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    Smartphone

    The App Inventor 2 [20], which was developed by the Massachusetts Institute of Technology Center for Mobile Learning, is used in this study as it does away with the need to use Java to open up Blocks Editor (which is integrated into the website and can be used immediately) and makes it easy for developers to write Android apps. For the human-machine interface, 2 IPv4 addresses are required for signal transmission, with one serving as the IP address for the camera linked to the notebook computer and the other serving as the IP address for the smart necklace (see items 1 and 3 of Figure 10). The auto_correct button (ie, item 2 of Figure 10) is used to “activate the notebook computer’s image recognition function and the automatic calibration of the smart necklace’s internal parameters.” The connect and disconnect buttons (item 4 of Figure 10) are used to “enable the smartphone to connect to the smart necklace and receive reminder signals from the smart necklace” and “disconnect the smartphone and smart necklace (no reminder signals will be received),” respectively. Furthermore, it is possible to manually set the smartphone’s internal parameters using items 5 to 9 of Figure 10. The set_warning_time button (ie, item 5) is used to “adjust the frequency at which the smart necklace sends reminder signals when poor posture is detected (the higher the value, the higher the frequency).” The set_FW_center button (ie, item 6) is used to “set parameter a (adjustable range of 1-300 and central value of 150) so as to make minor adjustments to the Sx value of the smart necklace,” with the adjustment formula being:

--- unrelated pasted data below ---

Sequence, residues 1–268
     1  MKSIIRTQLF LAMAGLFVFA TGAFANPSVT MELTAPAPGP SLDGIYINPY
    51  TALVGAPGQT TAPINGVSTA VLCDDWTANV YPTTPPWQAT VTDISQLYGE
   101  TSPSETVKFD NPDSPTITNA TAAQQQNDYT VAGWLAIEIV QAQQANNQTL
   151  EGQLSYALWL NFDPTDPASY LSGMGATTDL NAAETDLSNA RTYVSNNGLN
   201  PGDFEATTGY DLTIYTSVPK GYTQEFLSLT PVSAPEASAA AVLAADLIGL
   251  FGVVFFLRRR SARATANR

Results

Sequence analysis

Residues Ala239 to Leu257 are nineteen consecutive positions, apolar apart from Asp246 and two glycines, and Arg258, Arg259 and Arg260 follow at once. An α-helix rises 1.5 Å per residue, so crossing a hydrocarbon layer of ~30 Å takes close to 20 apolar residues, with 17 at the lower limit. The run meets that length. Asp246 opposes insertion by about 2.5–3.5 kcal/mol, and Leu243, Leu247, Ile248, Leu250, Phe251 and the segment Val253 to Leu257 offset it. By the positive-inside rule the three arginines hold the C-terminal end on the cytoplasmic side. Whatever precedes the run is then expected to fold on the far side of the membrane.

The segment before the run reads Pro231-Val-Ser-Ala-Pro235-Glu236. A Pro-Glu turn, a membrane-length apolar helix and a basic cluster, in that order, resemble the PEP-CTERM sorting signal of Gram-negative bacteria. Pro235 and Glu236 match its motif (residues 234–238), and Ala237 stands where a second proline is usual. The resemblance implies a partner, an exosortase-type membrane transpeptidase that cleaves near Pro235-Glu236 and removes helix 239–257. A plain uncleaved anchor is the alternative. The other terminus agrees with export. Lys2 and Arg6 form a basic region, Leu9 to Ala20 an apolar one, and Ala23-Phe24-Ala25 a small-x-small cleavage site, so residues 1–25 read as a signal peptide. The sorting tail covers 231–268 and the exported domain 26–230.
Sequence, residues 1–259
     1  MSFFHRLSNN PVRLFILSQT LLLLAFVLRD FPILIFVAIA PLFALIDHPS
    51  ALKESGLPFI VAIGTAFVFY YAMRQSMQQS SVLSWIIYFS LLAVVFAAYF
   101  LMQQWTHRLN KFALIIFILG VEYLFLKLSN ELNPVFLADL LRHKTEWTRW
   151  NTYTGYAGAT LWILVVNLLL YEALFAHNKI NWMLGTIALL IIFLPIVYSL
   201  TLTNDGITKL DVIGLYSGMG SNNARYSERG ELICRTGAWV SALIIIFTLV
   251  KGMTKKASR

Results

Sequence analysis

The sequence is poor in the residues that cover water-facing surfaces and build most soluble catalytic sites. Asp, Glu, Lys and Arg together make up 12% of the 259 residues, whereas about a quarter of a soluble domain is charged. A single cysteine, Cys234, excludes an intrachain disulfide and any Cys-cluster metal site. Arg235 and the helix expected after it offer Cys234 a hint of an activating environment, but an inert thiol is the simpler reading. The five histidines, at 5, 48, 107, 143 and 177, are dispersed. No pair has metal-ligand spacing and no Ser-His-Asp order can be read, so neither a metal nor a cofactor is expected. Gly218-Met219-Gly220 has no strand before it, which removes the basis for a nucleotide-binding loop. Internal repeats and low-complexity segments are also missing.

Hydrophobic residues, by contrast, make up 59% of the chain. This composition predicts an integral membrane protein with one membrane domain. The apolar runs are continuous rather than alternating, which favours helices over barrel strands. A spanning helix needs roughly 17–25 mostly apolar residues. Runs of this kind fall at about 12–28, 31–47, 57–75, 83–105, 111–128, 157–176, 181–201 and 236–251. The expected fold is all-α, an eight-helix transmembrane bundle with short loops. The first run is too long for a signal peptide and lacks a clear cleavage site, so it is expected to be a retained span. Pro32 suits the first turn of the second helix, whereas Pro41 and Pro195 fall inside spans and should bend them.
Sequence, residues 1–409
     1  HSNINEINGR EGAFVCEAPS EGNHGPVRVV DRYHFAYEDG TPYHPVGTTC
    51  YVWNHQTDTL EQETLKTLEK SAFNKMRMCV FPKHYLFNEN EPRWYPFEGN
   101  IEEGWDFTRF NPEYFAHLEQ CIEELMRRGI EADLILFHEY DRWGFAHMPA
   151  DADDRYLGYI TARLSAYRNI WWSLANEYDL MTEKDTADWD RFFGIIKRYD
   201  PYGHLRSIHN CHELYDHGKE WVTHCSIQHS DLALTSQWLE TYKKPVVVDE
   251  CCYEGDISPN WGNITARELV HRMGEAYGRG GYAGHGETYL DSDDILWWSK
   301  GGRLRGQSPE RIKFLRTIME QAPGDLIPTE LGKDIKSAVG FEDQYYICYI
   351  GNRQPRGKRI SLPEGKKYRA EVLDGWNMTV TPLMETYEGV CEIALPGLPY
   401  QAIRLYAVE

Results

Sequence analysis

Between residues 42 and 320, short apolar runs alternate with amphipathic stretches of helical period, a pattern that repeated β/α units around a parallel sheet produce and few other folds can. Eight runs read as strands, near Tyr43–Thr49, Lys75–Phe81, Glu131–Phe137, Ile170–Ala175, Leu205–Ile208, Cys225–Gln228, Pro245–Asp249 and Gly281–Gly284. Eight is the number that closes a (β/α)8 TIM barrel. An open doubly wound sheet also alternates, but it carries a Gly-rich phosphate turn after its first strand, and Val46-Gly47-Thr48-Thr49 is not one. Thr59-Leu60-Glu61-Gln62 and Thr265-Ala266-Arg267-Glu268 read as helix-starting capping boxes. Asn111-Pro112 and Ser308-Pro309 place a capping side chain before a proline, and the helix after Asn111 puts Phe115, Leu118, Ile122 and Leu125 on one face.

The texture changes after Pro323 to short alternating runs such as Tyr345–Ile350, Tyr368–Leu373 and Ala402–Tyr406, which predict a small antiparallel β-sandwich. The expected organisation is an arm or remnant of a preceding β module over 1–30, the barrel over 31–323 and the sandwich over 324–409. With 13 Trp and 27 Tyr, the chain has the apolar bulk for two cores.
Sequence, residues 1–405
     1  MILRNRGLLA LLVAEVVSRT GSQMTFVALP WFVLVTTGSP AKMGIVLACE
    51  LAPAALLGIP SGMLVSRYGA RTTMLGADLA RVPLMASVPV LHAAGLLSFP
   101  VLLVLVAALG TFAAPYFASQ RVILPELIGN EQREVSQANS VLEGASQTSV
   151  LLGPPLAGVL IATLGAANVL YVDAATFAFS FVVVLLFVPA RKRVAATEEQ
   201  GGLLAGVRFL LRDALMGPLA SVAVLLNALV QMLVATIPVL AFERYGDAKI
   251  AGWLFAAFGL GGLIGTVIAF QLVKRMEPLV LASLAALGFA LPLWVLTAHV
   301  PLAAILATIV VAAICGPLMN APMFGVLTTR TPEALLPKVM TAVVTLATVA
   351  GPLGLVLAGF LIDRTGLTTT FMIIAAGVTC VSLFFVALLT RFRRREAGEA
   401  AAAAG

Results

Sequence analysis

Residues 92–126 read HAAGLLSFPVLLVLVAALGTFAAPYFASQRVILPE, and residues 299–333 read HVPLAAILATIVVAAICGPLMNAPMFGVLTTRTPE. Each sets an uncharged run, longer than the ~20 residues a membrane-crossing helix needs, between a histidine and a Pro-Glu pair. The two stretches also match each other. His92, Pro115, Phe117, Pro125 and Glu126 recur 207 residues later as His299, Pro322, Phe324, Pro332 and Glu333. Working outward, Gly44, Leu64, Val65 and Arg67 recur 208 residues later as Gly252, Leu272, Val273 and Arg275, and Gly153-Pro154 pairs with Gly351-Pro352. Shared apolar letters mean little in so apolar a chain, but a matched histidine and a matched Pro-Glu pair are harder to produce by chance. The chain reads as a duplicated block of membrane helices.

Sx=Sx×(a/150) [7]
    Figure 10. Mobile app interface.
    View this figure

    The set_FW_limit button (ie, item 7) is used to “set parameter b (adjustable range of 1-300 and central value of 150) so as to make minor adjustments to the Hrefx and Lrefx values of the smart necklace,” with the adjustment formulas being:

    Hrefx=Sx–(0.01159×[b/150]) [8]

    and

    Lrefx=Sx–(0.00854×[b/150]) [9]

    The set_LR_center button (ie, item 8) is used to “set parameter c (adjustable range of 1-300 and central value of 150) so as to make minor adjustments to the Sy value of the smart necklace,” with the adjustment formula being:

    Sy=Sy×(c/150) [10]

    The set_LR_limit button (ie, item 9) is used to “set parameter d (adjustable range of 1-300 and central value of 150) so as to make minor adjustments to the Hrefyl, Lrefyl, Hrefyr, and Lrefyr values of the smart necklace,” with the adjustment formulas being:

    Hrefyl=Sy+(0.02834×[d/150]) [11]
    Lrefyl=Sy+(0.02441×[d/150]) [12]
    Hrefyr=Sy–(0.02834×[d/150]) [13]

    and

    Lrefyr=Sy–(0.02441×[d/150]) [14]

    It should be noted that the 4 parameters a, b, c, and d are independent of each other when the adjustments are being made.

    Recall that formulas (1) to (6) involve the utilization of the notebook computer’s image recognition function to perform an automatic calibration of the smart necklace’s Si value (primary calibration mechanism), whereas formulas (7) to (14) correspond to the fine manual adjustments to the smart necklace’s internal parameters that a user may want to further perform (secondary calibration mechanism). Thus, when formulas (7) to (14) are used, the Si, Hrefi, and Lrefi values that are already present in formulas (1) to (6) will be updated by formulas (7) to (14).


    Results

    This section describes the practical tests performed on the proposed posture correction system (see Figure 1 for hardware specifications) to demonstrate its effectiveness. During the tests, the smart necklace was worn around the back of the user’s neck. The position and appearance of the smart necklace are shown in Figure 11. In addition, a demo video has been provided to further demonstrate the advantages of our system (see Multimedia Appendix 1).